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Government outlines plans for flexible work rights for all

Plus flexible parental leave out to consultation


The UK government has put forward proposals for radical change to modernise the British workplace.

The promise in last year's Coalition Agreement to extend the right to request flexible working to all UK workers has now moved a stage closer, with specific proposals put out to consultation.  In summary the proposals are to:

  • Extend the right to request flexible work to all employees (provided they have been working continuously for the employer for 26 weeks)
  • Replace the existing statutory process for considering requests with a duty to consider requests ‘reasonably’ alongside a new Code of Practice to guide employers in considering requests
  • Retain sound business reasons as the only grounds for refusal
  • Allow (but not require) employers to prioritise competing requests to take account of the employees’ personal circumstances
  • Amend the rules so that employees could make an additional request within a 12-month period if they state in their original request that they expect it only to be temporary arrangement (e.g. in the case of illness or short-term caring responsibility)
  • Consult with business leaders and the recruitment industry to find ways to help those not in work enter the workplace with flexible working arrangements.

Recognising the business benefits

The consultation document also recognises the wider relevance and business benefits of flexible working:

"We want to stimulate cultural change to make flexible working practices the norm, which we know will require more than just legislation. We will therefore also be developing non-legislative measures to promote flexible working opportunities both for those with a job and for those looking for one...

"We will therefore work with business leaders and employers to promote the business case for flexible working"

 The government feels the current arrangements have been a success, with 80-90% of requests being granted. And this is seen as a good base for a more business-focused extension of flexible working:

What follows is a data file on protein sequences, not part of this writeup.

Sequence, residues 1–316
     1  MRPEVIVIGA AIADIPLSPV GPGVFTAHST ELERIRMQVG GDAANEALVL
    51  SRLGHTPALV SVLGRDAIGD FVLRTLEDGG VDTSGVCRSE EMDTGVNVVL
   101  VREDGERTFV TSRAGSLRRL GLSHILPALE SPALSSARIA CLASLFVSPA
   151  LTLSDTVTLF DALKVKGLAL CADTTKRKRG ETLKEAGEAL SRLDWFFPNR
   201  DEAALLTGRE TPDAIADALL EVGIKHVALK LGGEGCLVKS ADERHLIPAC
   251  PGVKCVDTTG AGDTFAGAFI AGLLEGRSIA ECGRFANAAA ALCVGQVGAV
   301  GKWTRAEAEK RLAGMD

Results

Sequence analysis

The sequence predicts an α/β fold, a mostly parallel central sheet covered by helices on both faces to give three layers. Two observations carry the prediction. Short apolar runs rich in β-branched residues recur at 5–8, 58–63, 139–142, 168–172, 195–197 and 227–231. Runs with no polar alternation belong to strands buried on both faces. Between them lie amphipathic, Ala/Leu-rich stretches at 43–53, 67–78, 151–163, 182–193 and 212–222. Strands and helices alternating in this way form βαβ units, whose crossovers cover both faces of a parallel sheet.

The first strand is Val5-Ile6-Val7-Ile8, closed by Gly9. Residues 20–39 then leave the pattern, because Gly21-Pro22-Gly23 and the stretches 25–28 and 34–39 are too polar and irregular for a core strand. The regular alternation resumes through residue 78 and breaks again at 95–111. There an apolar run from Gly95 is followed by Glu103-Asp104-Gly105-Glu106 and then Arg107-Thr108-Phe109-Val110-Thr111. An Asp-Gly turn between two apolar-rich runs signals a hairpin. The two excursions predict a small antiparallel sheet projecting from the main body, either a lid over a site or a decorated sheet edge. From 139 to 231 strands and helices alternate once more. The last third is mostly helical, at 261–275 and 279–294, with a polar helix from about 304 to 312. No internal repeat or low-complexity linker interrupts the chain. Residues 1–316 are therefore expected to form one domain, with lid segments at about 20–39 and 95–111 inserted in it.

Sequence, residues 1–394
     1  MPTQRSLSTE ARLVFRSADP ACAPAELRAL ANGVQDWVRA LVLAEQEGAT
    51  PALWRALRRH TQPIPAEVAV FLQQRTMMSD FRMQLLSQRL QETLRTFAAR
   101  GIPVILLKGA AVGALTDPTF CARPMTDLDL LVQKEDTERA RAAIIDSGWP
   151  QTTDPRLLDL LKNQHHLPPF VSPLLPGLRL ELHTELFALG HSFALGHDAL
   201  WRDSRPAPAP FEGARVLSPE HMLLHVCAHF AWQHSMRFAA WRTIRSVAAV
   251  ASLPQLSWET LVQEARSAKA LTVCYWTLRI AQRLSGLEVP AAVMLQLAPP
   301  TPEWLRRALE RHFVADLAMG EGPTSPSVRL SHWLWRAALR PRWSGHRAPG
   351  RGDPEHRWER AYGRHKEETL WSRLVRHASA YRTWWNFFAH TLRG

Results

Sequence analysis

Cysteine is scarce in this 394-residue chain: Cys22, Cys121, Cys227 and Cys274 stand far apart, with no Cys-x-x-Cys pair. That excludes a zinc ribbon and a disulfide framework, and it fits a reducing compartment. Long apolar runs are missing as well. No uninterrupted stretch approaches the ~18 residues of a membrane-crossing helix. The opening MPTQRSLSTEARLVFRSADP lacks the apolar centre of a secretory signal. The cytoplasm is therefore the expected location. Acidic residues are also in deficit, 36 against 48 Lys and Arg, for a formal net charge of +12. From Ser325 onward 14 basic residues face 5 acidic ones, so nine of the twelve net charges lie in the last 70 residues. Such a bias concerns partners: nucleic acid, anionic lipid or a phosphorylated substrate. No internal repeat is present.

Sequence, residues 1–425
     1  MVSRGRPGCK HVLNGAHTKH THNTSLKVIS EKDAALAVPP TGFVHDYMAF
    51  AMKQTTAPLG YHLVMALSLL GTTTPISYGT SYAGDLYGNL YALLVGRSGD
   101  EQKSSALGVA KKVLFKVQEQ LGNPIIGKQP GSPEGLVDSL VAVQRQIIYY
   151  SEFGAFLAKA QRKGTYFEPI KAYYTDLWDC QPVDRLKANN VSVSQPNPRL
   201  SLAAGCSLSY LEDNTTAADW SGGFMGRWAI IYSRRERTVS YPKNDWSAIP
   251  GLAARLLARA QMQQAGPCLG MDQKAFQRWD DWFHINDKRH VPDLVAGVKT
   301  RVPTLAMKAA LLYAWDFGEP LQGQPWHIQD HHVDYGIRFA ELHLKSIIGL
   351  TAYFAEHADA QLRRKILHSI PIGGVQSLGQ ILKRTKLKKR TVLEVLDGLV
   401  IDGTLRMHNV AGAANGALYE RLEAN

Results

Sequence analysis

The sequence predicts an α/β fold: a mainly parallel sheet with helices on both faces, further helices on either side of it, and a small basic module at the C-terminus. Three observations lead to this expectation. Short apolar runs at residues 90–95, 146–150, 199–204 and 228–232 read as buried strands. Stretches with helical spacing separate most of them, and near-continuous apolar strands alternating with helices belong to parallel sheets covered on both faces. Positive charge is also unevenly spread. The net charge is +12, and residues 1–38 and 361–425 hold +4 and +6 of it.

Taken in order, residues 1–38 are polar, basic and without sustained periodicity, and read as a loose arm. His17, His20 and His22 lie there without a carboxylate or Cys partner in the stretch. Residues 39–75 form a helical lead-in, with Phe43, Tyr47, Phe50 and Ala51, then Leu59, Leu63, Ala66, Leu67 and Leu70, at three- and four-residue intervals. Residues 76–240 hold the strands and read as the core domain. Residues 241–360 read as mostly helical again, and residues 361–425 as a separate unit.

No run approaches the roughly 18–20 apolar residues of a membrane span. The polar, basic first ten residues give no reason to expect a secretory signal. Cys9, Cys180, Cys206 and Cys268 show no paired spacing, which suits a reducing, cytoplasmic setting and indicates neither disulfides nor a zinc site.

But we want to go further. We think that by extending the right to request flexible working to all employees, we can spread the benefits flexible working brings to all parts of society and the economy. For businesses, holding onto experienced and skilled staff is important in maintaining quality and containing costs. Offering flexible working can help retain staff and widen the talent pool, so employers are able to recruit people with more skills; it can also increase commitment and loyalty of staff members.

This, in turn, translates into increased productivity and improved profitability, which we estimate will benefit business by an average of £52.4m per year."

The proposals for the Modern Workplace also encompass new arrangements for Flexible Parental Leave, tougher action on Equal Pay, and slight adjustments to the Working Time Directive to support these other changes.


 


 

May 2011

 

Further information

As we predicted with earlier articles, the Coalition Government is putting flexible working at the heart of its proposed changes to employment law.

Here we take a look at the proposals put out for consultation on May 16th.

Further information is on the Department for Business website, with details of how to respond to the consultation.

Click here to go to the government consultation pages.

Flexibility verdict: At Flexibility we warmly welcome these proposals - not only the proposals themselves but also the thinking behind the proposals and the business-friendly tone of the proposals.

Employers should welcome these proposals for their coherence and fairness. And, as we always say, what they need to do is to adopt a strategic rather than a reactive approach to flexible working - that's the way to reap the business benefits.
 

 

 


 

 


All material copyright Flexibility.co.uk 2009